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Legacy of Legendary Musician Gerry Atwell, Supporting Young Artists of Underrepresented Communities

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Painters, writers, performers, and artists of all disciplines found mentorship thanks to a program created in the memory of activist and musician Gerry Atwell.

Hosted at the St. Norbert Arts Centre, where Atwell was a board member, GerryFest hosts the works of artists from the Gerry Atwell Mentorship Program, showcasing artworks and live performances of the mentees. The event not only recognizes the works and life of the legendary musician Gerry Atwell but also raises monies for the Gerry Atwell Memorial Mentorship Fund. The event launched in 2020 after Atwell’s tragic death in 2019 and started as a memorial for family and friends. The event now focuses on supporting young artists, which was always a dream of Atwell.

“Because we knew his legacy was more of a mentorship legacy, the 21′ and 22′ GerryFest is really more about emerging artists, encouraging and supporting them on their path to becoming professionals,” said Judy Williams, one of Atwell’s sisters and board member at the St. Norbert Art Centre. There’s always been a connection between mentors and mentees of various artistic disciplines, said Williams, but GerryFest is a deliberate effort to raise funds for that effort. “I think it’s always happened anyways, and this is really putting it out there, where we’re looking for some funds to make the union a little more solid.”

The Friday launch was also the first time a collection of Atwell’s original musical pieces was performed to the public. A Gerry Atwell Tribue Band featuring Voice of Boom and Rockalypso played songs from the newly released Gerry Atwell CD “Generations of Love.” Darryl “BoomDaddy” Reimer knew Atwell from years ago. At this time, Atwell was an up-and-coming musician. Reimer and Atwell played in many bands together, and it became apparent to him that Atwell was someone exceptional.

“In all the bands Gerry played with and all the musical groups he influenced, he was never really the front and centre.”

When discussing the CD project with Judy, Reimer wanted to create an experience where you would close your eyes and envision a nightclub or other musical space. In that space is a spotlight, and in that spotlight is Gerry Atwell.

“My concept was to make Gerry the focus. I went through all the archives of as many bands as possible and the ones I was involved in as well, along with others, after I moved to Vancouver. I took those songs and found this was the Gerry moment. I strung those moments together, and that’s what this CD is.”

Sales of “Generations of Love” went to the mentorship fund.

GerryFest’s theme was Love Letters to Community, featuring Mentorship Program mentees and special guests, Anuna Oman Ojwato, Cosmic River (musician), Daiisu (musician), Destiny Wilby (musician), Isaac Aserra (photography), Jocelyn Chorney (poet / multi-discipline), Clary Ines (graphic design / visual artist), Ryan Cameron (novelist), and mentors Kwiat and Sonya Ballantyne.

Elliot Walsh, the Artistic Director of the three-day event and in charge of the Mentorship program, first met the Atwell family through Folklorama. Walsh would see Atwell in various roles throughout the years and experienced Atwell’s dedication to helping others when asked if Walsh ever needed help in his projects. The mentorship program reflects Gerry’s beliefs, said Walsh, connecting professionals to talented emerging artists from communities underrepresented in the creative sector.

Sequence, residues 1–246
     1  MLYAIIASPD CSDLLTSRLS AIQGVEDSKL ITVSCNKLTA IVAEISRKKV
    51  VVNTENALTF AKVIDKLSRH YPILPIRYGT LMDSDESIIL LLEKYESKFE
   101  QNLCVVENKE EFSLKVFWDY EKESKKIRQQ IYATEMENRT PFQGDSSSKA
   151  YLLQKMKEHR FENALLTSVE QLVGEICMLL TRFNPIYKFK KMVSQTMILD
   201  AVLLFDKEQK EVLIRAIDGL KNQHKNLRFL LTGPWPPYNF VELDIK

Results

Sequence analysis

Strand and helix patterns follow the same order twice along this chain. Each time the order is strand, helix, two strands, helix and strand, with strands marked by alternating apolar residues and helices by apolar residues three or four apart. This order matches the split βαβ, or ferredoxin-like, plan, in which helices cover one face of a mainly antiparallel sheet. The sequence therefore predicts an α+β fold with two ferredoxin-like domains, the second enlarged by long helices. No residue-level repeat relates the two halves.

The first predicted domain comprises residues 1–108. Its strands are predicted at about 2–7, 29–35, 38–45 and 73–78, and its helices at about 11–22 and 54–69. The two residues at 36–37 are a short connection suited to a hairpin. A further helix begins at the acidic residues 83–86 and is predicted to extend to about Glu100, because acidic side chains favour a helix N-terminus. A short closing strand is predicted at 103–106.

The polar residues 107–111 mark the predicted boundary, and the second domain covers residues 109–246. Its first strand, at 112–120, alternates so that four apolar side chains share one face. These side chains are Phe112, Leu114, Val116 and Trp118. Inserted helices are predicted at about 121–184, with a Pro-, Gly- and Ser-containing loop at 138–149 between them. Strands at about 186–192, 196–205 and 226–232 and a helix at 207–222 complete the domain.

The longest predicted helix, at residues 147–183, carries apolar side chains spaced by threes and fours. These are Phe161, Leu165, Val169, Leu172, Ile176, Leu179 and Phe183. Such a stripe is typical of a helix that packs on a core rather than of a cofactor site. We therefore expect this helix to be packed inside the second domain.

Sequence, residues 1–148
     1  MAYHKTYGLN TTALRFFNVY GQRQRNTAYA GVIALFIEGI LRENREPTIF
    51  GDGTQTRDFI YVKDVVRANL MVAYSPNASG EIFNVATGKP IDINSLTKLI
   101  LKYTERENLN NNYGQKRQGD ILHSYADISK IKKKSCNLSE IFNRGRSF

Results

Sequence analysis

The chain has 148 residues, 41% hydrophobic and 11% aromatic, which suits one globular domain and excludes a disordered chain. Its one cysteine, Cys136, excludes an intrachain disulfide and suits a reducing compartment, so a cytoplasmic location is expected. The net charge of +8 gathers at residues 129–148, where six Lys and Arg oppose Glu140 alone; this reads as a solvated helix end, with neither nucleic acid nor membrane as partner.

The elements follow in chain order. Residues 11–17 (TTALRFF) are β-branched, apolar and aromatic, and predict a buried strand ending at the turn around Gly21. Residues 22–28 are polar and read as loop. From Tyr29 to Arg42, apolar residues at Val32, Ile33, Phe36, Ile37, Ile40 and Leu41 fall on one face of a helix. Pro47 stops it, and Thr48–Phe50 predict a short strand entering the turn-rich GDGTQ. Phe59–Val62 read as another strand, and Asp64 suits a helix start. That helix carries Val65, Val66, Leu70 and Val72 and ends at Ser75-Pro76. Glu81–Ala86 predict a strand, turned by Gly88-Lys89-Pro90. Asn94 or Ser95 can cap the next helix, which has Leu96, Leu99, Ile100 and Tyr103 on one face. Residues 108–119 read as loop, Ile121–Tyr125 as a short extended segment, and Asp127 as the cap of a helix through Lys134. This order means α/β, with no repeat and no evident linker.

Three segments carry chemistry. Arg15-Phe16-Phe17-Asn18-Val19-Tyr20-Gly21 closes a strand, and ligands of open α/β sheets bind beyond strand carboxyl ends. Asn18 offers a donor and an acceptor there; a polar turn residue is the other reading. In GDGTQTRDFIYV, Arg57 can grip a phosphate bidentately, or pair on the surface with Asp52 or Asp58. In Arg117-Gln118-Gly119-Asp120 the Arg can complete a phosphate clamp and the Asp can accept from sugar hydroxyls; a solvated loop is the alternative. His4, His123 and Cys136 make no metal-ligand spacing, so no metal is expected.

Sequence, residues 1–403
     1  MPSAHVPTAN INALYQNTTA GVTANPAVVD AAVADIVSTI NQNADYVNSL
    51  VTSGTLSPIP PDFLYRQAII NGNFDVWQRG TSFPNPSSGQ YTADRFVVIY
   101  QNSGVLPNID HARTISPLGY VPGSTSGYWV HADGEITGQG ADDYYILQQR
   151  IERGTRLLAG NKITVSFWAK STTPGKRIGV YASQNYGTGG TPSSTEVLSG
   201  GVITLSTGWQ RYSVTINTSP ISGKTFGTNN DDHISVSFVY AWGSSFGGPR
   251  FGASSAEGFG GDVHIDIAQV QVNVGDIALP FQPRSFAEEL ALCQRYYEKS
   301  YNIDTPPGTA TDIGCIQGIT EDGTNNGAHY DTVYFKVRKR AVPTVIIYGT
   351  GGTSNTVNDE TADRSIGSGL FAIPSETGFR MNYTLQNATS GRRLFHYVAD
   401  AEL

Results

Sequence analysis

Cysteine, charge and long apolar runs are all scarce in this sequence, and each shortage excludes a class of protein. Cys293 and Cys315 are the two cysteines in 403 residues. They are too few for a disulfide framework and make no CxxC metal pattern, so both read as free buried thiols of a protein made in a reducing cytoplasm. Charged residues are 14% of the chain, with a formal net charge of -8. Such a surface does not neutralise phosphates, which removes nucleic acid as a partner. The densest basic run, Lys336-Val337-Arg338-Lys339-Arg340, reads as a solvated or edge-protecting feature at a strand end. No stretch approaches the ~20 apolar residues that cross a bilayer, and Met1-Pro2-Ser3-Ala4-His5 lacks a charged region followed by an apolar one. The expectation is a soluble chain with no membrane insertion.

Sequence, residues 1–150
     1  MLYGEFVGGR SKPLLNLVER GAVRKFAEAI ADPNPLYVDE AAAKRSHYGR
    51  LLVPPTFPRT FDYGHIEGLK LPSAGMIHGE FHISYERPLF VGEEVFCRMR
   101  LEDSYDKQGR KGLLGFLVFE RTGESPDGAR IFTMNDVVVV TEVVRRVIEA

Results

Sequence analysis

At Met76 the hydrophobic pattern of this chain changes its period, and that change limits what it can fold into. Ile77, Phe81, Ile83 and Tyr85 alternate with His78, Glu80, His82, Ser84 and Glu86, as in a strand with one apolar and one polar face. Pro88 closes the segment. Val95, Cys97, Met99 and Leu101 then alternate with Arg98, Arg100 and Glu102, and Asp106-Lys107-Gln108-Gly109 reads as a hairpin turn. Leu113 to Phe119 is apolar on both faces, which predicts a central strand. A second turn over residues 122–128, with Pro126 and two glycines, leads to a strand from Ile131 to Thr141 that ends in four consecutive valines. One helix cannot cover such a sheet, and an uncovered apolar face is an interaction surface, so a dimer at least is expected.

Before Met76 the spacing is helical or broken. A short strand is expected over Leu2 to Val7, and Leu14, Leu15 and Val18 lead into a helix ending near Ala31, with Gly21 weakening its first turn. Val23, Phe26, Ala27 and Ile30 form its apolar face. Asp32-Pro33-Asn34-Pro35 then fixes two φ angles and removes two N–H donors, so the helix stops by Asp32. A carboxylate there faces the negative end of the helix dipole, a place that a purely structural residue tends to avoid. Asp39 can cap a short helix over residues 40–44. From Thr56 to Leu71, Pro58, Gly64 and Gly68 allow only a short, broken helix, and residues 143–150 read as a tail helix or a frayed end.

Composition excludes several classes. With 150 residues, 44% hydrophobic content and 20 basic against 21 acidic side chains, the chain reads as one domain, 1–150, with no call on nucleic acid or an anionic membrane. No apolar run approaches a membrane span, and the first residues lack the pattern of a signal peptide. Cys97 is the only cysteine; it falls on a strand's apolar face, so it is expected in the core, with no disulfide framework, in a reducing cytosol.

“Gerry was into anti-racism and disability advocacy. He was also a genuinely great human being that wanted to pass on the gifts he learned and pass them on to other people. This is his dream, his vision, and his family and friends continue it.”

This event was the perfect opportunity for the mentees to shine. Franklin Fernando, a full-time artist and a musician, also experienced firsthand the efforts Gerry would put into helping new artists. “He helped me out to have my first show. That’s how I know him.”

Fernando is the creator of the GerryFest portrait and the album art for “Generations of Love.”

“Judy Williams asked me if I wanted to do an album cover for Gerry Atwell. I was really honoured.”

Visual artist Clary Ines, another mentee of the program, said networks like these create an atmosphere of inspiration and a place for artists to thrive.

“I always love being a part of programs and meeting fellow artists. Just meeting and conversing with them about how they grew as artists.”

Ines would like to become a mentor in the future.

Mentor Malcolm-jay Wilson, who focuses on music and photography, was asked by Walsh to share his expertise and experience as a mentor. Wilson excitingly accepted as mentorship is important to him.

“I had to learn everything from scratch. I made all of the mistakes. Having a mentor, and Elliot was a mentor for me starting out, getting wisdom from another artist helps you not make the same mistakes they did, and you can pick up on what they have learned. Knowledge begets knowledge, so when you share your skills with someone else, they will take it to the next level.”

Mentees will meet up with mentors over the next few weeks.

The Gerry Atweel Memorial Mentorship Endowment Fund is in trust at the Winnipeg Foundation through the St. Norbert Arts Centre. The Goal for the weekend was to raise $200,000 to secure ongoing funds and make the mentorship program a permanent addition to Winnipeg’s art community.

Ryan Funk, U Multicultural

Disclaimer: The views and opinions expressed in this article are those of the authors and do not necessarily reflect the official policy or position of U Multicultural.

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